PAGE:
Lionel was nothing like the super-rich of today, who know nothing of horticulture but just import fully grown trees and use giant diggers to construct a wood in a fortnight. Lionel employed 150 men for 10 years to get the conditions right for his rhododendrons. Gardening was in his blood, and he knew what he was about. First, he planted shelter belts, clearing the trees and undergrowth, retaining the best of the trees, and preparing the soil for acid-loving shrubs and trees, digging the ground to “two spits” (two spades) deep and enriching it with leaf mould. Rhododendrons need a lot of water, and Lionel realised that the rain, though it tipped down on the Isle of Wight just across the Solent, fell much less on Exbury. So he dug boreholes, built a water tower and laid 22 miles of underground irrigation pipes.
Next, he employed 75 trained gardeners, first to plant the seeds and container-grown species and hybrids he’d bought, and the seeds sent to him from other enthusiasts and plant hunters. But soon he was producing his own hybrids in enormous glasshouses. It is astonishing to think what he achieved in 20 years. Five years into the project, the famous plant-hunter Frank Kingdon-Ward predicted that “Exbury will be the eighth wonder of the world.”
Well, that may be overplaying it a bit, but I do find it wonderful and hugely satisfactory to see what a driving obsession, imagination, great good taste, and mega amounts of money can do.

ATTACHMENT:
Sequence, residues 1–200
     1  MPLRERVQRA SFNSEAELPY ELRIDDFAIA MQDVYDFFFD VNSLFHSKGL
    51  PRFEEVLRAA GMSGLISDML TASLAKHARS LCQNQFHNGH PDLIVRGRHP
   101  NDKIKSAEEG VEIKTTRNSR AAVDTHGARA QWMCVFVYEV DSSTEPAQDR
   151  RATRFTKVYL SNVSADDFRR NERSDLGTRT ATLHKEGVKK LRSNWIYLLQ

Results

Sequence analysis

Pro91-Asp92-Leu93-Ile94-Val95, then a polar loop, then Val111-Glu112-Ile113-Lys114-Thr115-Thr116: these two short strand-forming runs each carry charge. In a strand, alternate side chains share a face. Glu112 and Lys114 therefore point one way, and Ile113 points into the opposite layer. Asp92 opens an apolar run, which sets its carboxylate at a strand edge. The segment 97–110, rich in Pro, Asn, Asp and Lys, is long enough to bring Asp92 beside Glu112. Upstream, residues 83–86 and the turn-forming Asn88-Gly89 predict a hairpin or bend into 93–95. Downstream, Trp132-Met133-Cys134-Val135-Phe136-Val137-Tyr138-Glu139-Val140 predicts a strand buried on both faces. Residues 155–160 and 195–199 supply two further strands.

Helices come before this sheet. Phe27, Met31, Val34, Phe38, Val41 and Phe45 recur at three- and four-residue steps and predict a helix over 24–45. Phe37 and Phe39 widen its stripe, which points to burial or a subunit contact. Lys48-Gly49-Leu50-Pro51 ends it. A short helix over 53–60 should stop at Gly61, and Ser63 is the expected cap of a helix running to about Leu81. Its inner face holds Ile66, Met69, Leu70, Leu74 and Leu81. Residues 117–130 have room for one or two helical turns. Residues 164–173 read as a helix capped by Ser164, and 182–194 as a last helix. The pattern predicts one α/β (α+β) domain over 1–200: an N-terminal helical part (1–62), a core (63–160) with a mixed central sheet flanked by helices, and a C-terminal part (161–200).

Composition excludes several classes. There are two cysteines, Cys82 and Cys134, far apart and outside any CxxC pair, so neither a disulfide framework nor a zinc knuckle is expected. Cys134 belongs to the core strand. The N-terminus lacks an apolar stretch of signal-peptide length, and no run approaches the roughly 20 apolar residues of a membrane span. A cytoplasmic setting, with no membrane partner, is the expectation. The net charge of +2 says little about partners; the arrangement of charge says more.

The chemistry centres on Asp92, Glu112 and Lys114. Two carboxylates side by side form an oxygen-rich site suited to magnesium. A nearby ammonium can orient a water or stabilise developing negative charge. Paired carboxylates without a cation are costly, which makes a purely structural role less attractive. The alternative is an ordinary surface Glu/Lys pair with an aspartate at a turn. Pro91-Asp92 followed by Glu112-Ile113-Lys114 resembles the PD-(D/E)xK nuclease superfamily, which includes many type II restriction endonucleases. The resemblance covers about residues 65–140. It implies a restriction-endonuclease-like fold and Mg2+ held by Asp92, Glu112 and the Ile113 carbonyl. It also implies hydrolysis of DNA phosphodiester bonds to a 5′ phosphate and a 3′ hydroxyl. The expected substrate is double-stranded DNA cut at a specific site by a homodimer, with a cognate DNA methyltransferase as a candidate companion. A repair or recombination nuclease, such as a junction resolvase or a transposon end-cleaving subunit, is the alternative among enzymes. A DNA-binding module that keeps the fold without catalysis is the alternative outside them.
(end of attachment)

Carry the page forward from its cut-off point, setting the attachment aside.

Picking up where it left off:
Today, Marcus Agius, ex-chair of Kew and husband of Kate de Rothschild, chairs Exbury Gardens. Kate and their daughter Marie-Louise, a highly successful garden designer, and a fistful of deeply committed family members, are on the board.
I suspect that this continuing Rothschild devotion to Exbury helps ensure that the 200 acres of woodland, arboretum and ornamental gardens are beautifully maintained, efficiently and imaginatively managed and constantly improving in a way that’s difficult for larger organisations to manage.
This Easter will see a celebration of ‘Wild Exbury’.with a host of family activities including a Wild Wanderers’ Trail and craft workshops. Guided nature walks are on the agenda throughout the spring and summer, as are forest bathing sessions.
Miniature steam trains chug through the grounds, over a bridge, through a tunnel, past the dragonfly lake, the mirror ponds, and you look down on a rock garden with boulders the size of small cars, newly planted with azaleas. Marie-Louise sometimes drives the steam trains, as did her uncle. On the train, you are constantly swivelling to see some new sight. There are no boring bits. Just massed plantings of vibrant colour in wonderfully up-and-down scenery – and the occasional metal sculpture of a giant insect to delight the kids. I’d even score it highly for the all-important coffee, loos and (mercifully tat-free) shop.
Exbury is a perfect example of the super-rich doing good for the rest of us, and doing it really well. Society grows great when old men plant trees in whose shade they shall never sit, as the saying goes.